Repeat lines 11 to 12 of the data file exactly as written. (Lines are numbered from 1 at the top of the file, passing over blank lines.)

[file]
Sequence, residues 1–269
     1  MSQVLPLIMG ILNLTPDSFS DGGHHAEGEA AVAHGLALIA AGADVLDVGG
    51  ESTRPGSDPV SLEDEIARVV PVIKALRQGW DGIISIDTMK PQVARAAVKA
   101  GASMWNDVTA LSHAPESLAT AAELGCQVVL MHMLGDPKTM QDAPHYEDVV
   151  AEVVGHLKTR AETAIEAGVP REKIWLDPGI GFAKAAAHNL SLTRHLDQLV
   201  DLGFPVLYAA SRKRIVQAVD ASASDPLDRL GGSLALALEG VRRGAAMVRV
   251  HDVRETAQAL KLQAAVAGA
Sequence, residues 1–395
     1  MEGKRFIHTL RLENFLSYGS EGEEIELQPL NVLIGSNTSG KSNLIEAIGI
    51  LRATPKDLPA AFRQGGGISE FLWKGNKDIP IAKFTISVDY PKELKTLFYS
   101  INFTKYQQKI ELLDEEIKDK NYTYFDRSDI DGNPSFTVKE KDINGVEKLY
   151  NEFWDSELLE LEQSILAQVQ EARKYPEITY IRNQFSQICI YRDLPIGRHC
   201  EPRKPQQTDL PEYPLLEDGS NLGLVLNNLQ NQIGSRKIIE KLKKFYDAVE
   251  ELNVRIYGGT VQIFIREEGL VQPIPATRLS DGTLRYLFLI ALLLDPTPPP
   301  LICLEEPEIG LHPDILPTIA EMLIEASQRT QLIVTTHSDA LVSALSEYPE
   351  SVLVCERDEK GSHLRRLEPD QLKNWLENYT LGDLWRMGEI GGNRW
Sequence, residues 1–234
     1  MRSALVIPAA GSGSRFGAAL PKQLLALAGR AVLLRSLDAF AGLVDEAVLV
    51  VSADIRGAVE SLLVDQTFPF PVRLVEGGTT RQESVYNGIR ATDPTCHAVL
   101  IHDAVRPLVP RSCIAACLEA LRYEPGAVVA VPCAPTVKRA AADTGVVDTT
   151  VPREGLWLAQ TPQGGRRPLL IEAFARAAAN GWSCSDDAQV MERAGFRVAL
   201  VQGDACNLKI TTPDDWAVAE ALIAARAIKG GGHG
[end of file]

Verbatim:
   101  INFTKYQQKI ELLDEEIKDK NYTYFDRSDI DGNPSFTVKE KDINGVEKLY
   151  NEFWDSELLE LEQSILAQVQ EARKYPEITY IRNQFSQICI YRDLPIGRHC